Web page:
WONDER WOMAN #56 Review by John Funderburg

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SYNOPSIS: “The Witching Hour” part two! The Justice League Dark barely escaped their first encounter with Hecate, but they know she’ll be coming back for the power inside Wonder Woman. But what if Diana could tap into that power herself to take on Hecate directly?

Wonder Woman is on a quest to put an end to Hecate!

(And I bet you aren’t going to care very much.)

Writer James Tynion IV ushers us into “The Witching Hour, Part 2”: a story arc that continues to offer glaring problems that only compound upon themselves in this issue.

To begin, most of the main characters are truly being misused (there’s an awful lot of standing and sitting around going on in this issue) and the central villain of the story, Hecate, only makes an appearance in a convoluted backstory.  Circe, Deadman, and Manitou Dawn are also brought into the mix, but their sudden appearance feels suspiciously like a plot device; and with the existing characters doing the bare minimum (if that), it seems like an unnecessary waste to bring in new faces.  A tighter, more organic structure would have found Zatanna, Swamp Thing, Constantine, Man-Bat, or Detective Chimp executing the tasks these new characters are performing.

Diana also seems to be acting out of character in this issue.  Though I understand that she’s afraid of what is happening to her, she acts out of impulsivity and arrogance.  At one point when Zatanna is trying to offer her advice, Wonder Woman declares “I’m DONE listening,” and stomps away in a huff.  To me, Wonder Woman has always been the voice of reason and wisdom, and rarely acts on a whim… again, her actions in this issue seem be a device to move the story forward and not a reflection of her true character.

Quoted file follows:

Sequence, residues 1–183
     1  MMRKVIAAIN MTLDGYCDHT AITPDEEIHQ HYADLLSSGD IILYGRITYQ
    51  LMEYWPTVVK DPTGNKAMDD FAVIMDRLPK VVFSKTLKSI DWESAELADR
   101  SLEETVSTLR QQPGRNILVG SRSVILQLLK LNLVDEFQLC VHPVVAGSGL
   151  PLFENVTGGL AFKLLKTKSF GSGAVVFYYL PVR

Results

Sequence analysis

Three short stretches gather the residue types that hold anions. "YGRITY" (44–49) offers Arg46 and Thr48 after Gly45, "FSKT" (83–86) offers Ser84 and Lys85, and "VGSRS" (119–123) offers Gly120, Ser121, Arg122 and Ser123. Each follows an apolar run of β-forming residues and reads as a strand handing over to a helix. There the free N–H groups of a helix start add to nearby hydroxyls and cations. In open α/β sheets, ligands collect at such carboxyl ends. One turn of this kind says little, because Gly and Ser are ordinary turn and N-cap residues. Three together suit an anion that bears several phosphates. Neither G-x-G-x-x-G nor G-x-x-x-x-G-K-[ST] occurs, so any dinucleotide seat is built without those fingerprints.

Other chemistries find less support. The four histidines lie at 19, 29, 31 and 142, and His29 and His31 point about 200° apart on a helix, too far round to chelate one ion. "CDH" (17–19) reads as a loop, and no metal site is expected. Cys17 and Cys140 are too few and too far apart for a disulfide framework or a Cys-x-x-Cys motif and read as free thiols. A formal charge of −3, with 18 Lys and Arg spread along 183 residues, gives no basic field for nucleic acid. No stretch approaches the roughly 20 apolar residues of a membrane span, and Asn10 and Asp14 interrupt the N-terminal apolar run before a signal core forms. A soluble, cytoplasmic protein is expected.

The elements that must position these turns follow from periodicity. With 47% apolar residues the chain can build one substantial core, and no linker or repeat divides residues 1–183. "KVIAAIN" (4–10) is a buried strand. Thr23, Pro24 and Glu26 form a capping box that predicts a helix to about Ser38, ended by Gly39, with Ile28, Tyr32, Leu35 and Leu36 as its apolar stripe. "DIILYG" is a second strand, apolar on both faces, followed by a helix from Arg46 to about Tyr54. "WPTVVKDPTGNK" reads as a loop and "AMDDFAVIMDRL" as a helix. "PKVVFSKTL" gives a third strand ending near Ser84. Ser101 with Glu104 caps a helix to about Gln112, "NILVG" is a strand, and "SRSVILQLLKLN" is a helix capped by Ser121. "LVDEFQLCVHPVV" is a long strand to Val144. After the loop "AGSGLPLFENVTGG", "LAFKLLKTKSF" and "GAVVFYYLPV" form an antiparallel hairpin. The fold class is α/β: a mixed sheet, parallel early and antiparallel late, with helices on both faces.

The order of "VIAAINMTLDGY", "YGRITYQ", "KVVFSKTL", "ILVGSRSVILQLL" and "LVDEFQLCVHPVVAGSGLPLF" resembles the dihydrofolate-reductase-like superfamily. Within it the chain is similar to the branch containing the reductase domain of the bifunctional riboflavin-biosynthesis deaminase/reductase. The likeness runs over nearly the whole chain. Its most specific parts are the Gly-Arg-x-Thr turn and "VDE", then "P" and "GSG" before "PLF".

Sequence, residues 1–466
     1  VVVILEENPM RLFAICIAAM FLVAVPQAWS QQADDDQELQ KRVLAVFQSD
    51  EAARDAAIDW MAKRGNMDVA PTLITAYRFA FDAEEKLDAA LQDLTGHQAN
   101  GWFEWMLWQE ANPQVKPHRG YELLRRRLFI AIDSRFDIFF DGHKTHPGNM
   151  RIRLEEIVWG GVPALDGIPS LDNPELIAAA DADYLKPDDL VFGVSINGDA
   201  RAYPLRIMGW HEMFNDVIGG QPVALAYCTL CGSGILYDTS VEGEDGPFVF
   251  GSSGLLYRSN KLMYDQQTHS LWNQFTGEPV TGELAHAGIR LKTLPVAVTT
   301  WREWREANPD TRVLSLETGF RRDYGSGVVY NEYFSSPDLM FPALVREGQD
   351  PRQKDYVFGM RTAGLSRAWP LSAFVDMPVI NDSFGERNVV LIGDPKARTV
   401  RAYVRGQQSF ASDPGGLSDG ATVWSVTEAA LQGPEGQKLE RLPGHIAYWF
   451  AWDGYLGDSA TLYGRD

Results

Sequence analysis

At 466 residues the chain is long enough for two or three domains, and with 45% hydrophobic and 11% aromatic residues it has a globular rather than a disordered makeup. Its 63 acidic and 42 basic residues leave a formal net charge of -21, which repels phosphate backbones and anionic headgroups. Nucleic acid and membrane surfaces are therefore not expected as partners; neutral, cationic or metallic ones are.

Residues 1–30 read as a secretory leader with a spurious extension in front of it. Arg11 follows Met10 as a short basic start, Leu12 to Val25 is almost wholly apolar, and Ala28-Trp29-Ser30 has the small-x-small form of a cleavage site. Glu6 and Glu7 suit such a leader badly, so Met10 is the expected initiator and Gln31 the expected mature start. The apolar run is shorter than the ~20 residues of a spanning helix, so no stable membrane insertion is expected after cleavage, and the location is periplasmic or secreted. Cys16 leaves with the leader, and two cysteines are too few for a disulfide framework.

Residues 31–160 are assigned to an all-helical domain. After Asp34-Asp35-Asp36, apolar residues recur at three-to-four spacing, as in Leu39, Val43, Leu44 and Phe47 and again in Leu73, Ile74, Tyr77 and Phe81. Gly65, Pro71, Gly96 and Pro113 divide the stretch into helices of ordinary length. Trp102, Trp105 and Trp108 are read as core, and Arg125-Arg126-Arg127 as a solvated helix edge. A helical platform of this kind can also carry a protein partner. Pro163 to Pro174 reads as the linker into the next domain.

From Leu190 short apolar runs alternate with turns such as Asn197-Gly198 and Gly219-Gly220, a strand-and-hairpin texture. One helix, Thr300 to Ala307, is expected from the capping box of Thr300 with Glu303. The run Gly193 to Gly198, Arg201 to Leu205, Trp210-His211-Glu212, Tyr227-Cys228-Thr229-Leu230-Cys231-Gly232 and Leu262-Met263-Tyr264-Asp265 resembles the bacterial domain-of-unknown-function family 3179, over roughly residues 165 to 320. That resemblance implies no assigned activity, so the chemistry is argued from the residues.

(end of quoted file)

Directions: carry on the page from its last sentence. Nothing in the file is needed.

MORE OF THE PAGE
Finally, I’ll move onto this issue’s most glaring error.  If you plan on picking this issue up, be prepared for a lot of reading.  And before I begin laying into Tynion a bit more here, please do not misunderstand me – I LOVE to read.  I’m sure you are the same way.  If it is really well-written and worth our time, give us thousands of pages and we will spend days, even weeks, blissfully giving an author our full attention.

The problem here is that Tynion is working with a medium – COMICS – that can, and must, be used to tell stories visually.  The images should add to the story, add to the mystery, but Tynion is so busy telling us what’s going on through narration boxes and character exposition that there is little, if anything, left to the imagination.  And this is becoming incredibly frustrating.  He must grant his narration a quick moment of silence to allow the story to be told through the pencils, inks, and colors instead of incessantly explaining EVERYTHING to us.

In summary, this could be a captivating tale.  But it just isn’t.  Pencils by Emanuela Lupacchino and colors by Romulo Fajardo Jr. are worth tuning in for – the final page is an absolute stunner – but they aren’t enough to salvage this issue.  And I still like the idea of a magic-fueled, out of control Wonder Woman, but the story must service this unique concept, otherwise it’s just a cool idea and little else.  And if I can really nitpick here, Hecate breaking up her power and temporarily housing it outside of herself, only to see it possibly used against her, is awfully reminiscent of the horcruxes in Harry Potter.  But I digress at this point…

Let’s hope the next issue breaks down the walls of unrelenting narration and give us some deep and quiet character moments.  Fingers crossed.  Toes, too. – John Funderburg

trong>GRADE: C-